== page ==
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Study suggests benefits of mammograms often overestimated, harms underestimated

Mammography screening is associated with reduced breast cancer mortality, but the benefit is modest and overdiagnosis can also cause harm by unnecessary treatment for tumors that would cause no harm.
By Alex Cukan   |   Updated April 3, 2014 at 5:25 PM
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BOSTON, April 2 (UPI) -- A review of international studies from 1960 to 2014 for the evidence on the mortality benefit and chief harms of mammography screening found women often are not aware of the harms associated with mammograms.

Review co-authors Nancy Keating, of the Harvard Medical School and Brigham and Women’s Hospital, and Lydia Pace of Women’s Health at Brigham and Women’s Hospital, said: "in 2009, the U.S. Preventive Services Task Force reversed its previous recommendation of having women beginning at age 40 getting a mammogram every one to two years. Instead, it recommended routine screening every two years beginning at age 50." However, recent research found few changes have occurred since the change in recommendation.

The review reported mammography screening was associated with a 19 percent overall reduction of breast cancer mortality -- approximately 15 percent for women in their 40s and 32 percent for women in their 60s.

Still, how much a woman benefits depends on her underlying risk of breast cancer and her preferences.
Keating said the chief harm associated with mammography is the risk of overdiagnosis -- the detection of a tumor through screening that would not have caused harm if gone undetected. Overdiagnosis can occur either because of a tumor’s features, other mortality risks due to age or other diseases.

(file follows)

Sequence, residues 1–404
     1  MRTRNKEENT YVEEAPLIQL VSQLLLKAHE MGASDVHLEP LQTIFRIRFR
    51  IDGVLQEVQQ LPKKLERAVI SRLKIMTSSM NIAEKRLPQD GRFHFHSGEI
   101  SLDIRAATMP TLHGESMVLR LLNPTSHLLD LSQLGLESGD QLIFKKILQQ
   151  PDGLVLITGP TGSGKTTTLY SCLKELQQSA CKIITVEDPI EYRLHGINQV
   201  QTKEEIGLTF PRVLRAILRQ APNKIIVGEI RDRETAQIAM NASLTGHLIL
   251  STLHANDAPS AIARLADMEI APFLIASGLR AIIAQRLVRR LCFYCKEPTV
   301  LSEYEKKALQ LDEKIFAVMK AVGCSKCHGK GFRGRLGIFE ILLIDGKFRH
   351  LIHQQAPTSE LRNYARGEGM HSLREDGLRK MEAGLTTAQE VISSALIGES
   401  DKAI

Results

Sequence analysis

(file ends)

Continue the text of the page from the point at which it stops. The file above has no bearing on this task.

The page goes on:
Using current medical procedures and tests it is impossible to know which cancers could be safely observed and which need to be treated and more research is needed to further pinpoint a diagnosis.
Those overdiagnosed with breast cancer might receive unnecessary surgery, chemotherapy or radiotherapy.

“While we need more research on mammography’s benefits and harms today, existing data suggest that we have been overestimating the benefits of mammography and underestimating the harms over the years,” Pace said. “It is really important to have informed discussions with our patients to help them understand the chances that a mammogram will benefit them as well as the possible downsides of getting a mammogram, so that they can incorporate their own values and preferences in making the right decision for themselves.”

The findings were published Wednesday in the Journal of the American Medical Association.

[Journal of the American Medical Association]

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